Managing Night Sweats:  Maybe it’s the Humidity

Peri-menopausal and menopausal hot flashes and night sweats are an underappreciated health problem for millions of women.  The symptoms can be both irritating and embarrassing, but the underlying health implications are far more profound than most realize. It’s safe to say that if you get overly warm during the day, the heat exchange problem doesn’t go away at night.   When warmer core blood is shunted to the skin during sleep, you can be pulled from deep to light sleep, and lose precious time in the mode where much of your daily regeneration and repair work occurs.

Heat induced loss of deep sleep will significantly erode the ability to restore your physical, mental and emotional energy reserves during that critical time frame.  You don’t even have to wake up and fling the covers off to suffer from this deficit.  Sleep studies show that many women who had excess body heat could still suffer considerable losses in deep sleep and its benefits, even if they were “unconscious for 8 straight hours”.

For many individuals, individualized bio-identical hormone support therapy can effectively manage much of the 24 hours a day heat exchange problem that is at the root of many, if not most menopausal symptoms.  But at times, whether you are on therapy or not, it’s the humidity as much as the heat that provokes night time awakenings.  As we in the South, as well as many others throughout the US experience for several months a year, the phrase “but it’s a dry heat” does not apply.  When humidity goes up, the ability to get rid of heat effectively goes down dramatically.  You may have heard of the heat index where for example, 80 degrees at 70% humidity will feel like 86 degrees would at 50% humidity.  Effectively, this means that you could feel 6 degrees cooler by reducing the humidity 20%.  We all intuitively know that even when humid air is cooled to 72 degrees, it still feels clammy and ‘heavy’.

One simple remedy that I have found to be helpful for the night sweat gifted who are also geographically and humidity challenged is to get a small space dehumidifier and run it 7/24 in your sleeping quarters.  Most bedrooms are in the 250-350 square foot range, and there are many small and quiet units that cover this room size efficiently.  My patients have  found several reliable brands that run in the $50-150 range.  You can easily find them at your local home center or online; try a browser search under “buy dehumidifier for small space”.  Look for something that can remove up to 600-800 cc of water per day, with an auto shutoff (so the reservoir won’t overflow), and quiet operation—less than 30-40 dB of noise.  For example, the iSiLER brand with a 2-liter tank that I found on Amazon is an example which fits these requirements and runs ~$85.  You could also try a smaller $50 model and add a second unit across the room if the one unit alone doesn’t quite do the job.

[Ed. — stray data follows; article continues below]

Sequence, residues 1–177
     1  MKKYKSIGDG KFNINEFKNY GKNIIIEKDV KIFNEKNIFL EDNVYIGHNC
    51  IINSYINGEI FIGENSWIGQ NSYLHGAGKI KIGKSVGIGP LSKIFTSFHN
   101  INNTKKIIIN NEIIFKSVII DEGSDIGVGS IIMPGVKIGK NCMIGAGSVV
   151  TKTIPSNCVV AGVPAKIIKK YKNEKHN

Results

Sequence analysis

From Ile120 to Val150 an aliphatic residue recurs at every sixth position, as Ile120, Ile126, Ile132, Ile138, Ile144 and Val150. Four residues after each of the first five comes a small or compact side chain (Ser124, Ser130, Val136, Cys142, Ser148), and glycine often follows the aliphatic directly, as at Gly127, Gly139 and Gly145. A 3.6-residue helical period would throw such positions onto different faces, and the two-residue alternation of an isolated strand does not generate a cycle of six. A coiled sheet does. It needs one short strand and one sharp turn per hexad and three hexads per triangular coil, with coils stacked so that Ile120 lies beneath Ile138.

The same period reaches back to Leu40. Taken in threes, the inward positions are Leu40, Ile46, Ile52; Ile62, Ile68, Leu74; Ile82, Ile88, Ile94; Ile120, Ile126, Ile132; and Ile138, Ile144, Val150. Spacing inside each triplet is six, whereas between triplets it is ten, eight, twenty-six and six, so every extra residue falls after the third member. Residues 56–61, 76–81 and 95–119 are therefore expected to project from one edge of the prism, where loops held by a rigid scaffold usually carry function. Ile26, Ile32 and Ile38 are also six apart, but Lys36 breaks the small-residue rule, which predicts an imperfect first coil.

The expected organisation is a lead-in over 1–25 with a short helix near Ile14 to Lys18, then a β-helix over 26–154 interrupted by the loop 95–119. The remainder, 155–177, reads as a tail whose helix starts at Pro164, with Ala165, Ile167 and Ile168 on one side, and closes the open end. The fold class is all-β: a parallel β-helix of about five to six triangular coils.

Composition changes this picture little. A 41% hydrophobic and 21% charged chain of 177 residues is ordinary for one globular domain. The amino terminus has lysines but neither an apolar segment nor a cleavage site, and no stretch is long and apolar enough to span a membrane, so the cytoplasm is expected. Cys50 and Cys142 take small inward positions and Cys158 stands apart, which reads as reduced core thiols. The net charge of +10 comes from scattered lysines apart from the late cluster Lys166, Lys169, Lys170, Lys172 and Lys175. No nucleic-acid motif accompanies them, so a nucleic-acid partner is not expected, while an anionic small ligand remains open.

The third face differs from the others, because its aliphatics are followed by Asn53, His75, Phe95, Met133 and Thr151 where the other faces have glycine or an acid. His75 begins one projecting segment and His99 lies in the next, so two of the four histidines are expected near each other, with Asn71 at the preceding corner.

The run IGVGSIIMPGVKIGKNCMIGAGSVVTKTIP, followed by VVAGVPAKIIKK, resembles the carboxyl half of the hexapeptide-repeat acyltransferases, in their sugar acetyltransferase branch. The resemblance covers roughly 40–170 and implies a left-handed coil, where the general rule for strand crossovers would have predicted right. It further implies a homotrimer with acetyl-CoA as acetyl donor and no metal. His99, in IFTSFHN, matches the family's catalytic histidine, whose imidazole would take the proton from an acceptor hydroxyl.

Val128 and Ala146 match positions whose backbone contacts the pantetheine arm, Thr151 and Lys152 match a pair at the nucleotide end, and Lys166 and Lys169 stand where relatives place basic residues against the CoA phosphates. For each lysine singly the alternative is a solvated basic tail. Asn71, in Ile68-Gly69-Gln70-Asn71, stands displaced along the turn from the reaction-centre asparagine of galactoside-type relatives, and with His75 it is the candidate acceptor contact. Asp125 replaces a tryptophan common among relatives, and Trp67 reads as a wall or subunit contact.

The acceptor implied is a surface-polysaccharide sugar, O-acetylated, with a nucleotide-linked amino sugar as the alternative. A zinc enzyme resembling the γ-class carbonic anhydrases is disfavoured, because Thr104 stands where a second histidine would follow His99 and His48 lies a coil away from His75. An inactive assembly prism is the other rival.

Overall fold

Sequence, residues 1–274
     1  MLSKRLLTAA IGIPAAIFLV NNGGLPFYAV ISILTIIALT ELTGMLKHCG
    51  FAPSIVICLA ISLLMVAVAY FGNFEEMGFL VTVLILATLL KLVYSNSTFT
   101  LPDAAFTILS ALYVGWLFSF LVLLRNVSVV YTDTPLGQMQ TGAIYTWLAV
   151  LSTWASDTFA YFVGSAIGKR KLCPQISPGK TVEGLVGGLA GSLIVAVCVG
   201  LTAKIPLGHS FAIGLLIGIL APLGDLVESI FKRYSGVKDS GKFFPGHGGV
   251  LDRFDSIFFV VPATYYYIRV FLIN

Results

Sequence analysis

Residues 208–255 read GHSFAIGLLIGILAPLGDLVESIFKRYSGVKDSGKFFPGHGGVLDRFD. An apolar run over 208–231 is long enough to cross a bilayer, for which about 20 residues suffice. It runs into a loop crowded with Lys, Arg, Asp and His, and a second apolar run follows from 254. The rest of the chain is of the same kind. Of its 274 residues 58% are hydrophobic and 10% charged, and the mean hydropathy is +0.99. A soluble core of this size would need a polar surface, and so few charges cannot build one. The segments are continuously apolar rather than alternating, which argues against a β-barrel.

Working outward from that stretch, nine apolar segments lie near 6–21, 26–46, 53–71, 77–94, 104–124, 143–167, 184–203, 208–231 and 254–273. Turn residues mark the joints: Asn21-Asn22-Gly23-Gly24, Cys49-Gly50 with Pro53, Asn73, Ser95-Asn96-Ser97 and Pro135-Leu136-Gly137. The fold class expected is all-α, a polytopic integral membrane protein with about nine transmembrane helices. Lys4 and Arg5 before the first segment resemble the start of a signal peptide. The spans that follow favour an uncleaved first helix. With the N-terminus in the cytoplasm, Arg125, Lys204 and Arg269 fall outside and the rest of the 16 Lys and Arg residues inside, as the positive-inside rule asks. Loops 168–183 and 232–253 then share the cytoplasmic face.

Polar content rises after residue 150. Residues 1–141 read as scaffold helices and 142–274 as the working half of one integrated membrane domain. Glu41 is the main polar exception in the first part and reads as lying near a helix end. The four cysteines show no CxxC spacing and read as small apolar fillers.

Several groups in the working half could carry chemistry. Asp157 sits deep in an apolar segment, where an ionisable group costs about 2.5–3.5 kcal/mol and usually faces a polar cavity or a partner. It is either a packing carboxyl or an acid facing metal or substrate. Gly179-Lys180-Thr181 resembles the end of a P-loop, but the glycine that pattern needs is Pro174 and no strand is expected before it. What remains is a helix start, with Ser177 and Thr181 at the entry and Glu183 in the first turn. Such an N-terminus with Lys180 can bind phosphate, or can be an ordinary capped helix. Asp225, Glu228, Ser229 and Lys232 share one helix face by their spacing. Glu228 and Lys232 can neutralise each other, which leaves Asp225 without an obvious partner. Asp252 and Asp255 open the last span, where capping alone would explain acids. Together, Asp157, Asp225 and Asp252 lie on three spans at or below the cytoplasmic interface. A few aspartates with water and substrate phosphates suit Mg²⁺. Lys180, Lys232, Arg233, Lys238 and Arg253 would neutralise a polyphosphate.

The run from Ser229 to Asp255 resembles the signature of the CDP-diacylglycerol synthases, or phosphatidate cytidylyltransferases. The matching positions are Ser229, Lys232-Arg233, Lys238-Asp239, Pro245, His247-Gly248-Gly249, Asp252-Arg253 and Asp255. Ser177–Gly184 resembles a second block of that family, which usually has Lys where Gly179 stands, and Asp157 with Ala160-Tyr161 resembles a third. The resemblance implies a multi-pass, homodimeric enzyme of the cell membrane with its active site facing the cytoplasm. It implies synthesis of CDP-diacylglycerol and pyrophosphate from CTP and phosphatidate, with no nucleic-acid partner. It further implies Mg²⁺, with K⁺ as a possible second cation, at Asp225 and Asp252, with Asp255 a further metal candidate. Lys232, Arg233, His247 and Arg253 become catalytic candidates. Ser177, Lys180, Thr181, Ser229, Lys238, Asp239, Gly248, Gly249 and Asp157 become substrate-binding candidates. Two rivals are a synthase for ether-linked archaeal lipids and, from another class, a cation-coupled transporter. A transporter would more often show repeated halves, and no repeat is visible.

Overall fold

If you give this a go, remember to check and possibly empty the reservoir daily.  You may be surprised how much water can be wrung out of humid air.  And be sure to keep the bedroom door closed as much of time as possible.  By doing this, you don’t have to treat the whole house, which would require a much larger unit.

If you can remove 10-20 oz of water per day from your bedroom air, you may find that a 70-72 degree cool AND dry condition go a long way toward ensuring that you–and your bed partner… get sleep that is both deep and restful.

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